Ann formed a crew of four female rowers who took part in local regattas; she was noted for her large stature and for her crew who dressed in white caps and dresses. Their success led to competitions all over the country; one event at Fleetwood was watched by Queen Victoria, who congratulated Ann when they won by beating an all-male crew. The most famous competition was in 1833 when they visited Le Havre and beat the best ten French male crews by 100 yards; this led the press to call her the champion female rower of the world.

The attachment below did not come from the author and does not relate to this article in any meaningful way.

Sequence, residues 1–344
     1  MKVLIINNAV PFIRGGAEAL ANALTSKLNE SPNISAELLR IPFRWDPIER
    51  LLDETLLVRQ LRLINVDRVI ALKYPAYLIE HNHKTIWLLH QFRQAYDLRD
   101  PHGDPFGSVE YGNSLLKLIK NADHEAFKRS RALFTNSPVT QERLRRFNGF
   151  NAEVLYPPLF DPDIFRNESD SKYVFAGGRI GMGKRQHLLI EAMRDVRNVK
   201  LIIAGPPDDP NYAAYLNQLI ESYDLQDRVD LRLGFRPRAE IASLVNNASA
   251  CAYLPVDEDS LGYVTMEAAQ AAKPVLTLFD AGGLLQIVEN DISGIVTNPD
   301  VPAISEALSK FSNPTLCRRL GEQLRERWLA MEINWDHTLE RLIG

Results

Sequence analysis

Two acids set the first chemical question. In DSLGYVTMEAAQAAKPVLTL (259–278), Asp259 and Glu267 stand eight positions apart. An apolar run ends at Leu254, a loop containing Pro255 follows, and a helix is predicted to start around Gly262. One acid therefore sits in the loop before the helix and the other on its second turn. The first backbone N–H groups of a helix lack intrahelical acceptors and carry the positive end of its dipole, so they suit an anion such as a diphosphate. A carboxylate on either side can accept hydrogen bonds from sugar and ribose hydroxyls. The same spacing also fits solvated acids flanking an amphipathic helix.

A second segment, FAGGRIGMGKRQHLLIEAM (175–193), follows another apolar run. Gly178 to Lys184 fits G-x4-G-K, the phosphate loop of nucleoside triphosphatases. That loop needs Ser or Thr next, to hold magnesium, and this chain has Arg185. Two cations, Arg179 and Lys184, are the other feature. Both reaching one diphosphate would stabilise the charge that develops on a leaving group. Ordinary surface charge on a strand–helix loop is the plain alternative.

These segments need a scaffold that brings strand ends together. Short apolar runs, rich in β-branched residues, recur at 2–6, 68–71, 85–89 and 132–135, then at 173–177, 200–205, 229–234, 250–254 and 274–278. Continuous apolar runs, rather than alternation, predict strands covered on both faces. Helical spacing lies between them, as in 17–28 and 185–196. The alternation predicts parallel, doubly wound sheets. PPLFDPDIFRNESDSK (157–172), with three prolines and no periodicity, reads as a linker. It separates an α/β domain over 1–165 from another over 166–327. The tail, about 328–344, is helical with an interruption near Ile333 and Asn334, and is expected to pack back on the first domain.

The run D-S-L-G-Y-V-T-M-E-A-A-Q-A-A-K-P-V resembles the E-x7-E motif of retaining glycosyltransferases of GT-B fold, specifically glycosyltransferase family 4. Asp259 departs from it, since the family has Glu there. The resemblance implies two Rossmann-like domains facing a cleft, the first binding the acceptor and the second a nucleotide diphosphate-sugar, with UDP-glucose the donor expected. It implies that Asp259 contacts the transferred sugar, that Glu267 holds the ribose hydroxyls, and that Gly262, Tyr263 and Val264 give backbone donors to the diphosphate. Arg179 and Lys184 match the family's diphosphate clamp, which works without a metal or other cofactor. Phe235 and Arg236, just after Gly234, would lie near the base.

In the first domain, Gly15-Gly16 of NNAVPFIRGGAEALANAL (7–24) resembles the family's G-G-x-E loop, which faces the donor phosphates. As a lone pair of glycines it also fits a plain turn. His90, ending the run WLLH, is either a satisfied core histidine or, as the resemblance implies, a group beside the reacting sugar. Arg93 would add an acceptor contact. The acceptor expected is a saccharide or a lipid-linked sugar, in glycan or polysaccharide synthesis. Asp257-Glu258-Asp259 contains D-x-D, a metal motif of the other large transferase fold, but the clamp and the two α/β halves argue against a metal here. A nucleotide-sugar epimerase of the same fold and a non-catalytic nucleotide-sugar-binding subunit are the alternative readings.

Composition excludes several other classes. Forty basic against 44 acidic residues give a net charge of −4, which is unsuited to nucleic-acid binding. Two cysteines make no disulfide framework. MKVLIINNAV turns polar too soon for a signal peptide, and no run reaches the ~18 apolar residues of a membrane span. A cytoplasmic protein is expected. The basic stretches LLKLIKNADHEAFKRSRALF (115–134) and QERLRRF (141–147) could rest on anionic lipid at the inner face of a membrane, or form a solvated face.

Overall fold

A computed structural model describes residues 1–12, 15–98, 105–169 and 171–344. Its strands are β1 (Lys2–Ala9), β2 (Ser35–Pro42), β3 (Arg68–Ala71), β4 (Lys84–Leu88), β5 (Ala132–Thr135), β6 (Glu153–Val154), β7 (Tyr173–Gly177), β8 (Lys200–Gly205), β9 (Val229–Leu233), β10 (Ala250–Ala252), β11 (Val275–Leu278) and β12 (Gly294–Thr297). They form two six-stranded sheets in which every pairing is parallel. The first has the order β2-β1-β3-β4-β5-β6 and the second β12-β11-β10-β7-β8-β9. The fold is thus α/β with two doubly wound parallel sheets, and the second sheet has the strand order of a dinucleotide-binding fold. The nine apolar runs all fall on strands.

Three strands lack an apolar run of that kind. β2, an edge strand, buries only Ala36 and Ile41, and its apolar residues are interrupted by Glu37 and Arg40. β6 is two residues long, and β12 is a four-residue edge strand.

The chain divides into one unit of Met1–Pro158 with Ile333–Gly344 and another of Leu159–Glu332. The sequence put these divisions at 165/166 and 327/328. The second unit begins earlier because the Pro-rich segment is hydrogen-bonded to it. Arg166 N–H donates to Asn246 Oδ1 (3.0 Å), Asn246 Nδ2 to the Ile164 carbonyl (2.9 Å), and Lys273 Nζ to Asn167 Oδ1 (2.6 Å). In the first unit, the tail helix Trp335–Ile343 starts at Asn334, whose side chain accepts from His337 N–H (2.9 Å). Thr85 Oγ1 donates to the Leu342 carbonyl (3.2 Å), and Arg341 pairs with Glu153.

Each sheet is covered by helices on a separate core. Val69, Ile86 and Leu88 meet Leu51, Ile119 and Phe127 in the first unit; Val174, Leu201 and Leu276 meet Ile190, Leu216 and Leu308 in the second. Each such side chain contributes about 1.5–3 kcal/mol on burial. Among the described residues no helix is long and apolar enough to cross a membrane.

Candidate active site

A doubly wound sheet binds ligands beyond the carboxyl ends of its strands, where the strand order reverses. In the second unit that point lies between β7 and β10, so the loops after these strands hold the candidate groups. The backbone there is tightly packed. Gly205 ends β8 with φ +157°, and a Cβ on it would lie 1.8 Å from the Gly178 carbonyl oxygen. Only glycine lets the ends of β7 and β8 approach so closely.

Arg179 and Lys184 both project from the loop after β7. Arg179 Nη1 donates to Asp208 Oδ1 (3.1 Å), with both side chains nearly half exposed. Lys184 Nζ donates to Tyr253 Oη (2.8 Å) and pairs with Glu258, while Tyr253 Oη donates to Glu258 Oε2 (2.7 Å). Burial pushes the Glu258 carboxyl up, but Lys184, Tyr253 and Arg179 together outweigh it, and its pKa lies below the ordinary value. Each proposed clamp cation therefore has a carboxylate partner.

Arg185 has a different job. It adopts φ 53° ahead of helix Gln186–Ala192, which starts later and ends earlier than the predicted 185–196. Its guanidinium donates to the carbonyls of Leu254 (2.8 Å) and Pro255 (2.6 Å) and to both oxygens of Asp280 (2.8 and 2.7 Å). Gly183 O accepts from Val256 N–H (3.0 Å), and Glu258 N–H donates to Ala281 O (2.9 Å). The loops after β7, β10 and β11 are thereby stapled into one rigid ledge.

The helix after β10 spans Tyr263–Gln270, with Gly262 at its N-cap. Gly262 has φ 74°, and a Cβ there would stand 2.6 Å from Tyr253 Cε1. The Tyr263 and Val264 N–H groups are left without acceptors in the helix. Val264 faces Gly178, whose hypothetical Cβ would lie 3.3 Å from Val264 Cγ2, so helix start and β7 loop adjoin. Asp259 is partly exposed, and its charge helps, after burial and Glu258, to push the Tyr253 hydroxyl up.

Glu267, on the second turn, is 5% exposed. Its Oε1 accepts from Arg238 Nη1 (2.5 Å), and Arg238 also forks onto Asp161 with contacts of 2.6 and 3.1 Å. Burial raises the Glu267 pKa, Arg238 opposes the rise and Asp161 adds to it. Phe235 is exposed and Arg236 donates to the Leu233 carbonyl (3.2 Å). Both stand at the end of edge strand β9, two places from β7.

Ann continued competitive rowing until she was in her sixties. Into her old age, she was given to circling the warships anchored in the Hamoaze exchanging banter with their crews. When the Prince of Wales and the Duke of Edinburgh visited Plymouth in 1879, they invited Ann to lunch on their yacht. She died on 6 June 1880 and was buried in St Stephen's Churchyard at the expense of Admiral Lord Beresford. Admirers from all parts of the country attended and a Royal Marines band played the funeral march.
- Baring-Gould, Sabine (1925) Cornish Characters & Strange Events. London: Bodley Head; Vol. 2, pp. 289–295
- Devon & Cornwall Notes & Queries; Vol., edited by John S. Amery, pp. 127–129
- Smelt, Maurice (2006) 101 Cornish Lives. Penzance: Alison Hodge; p. 101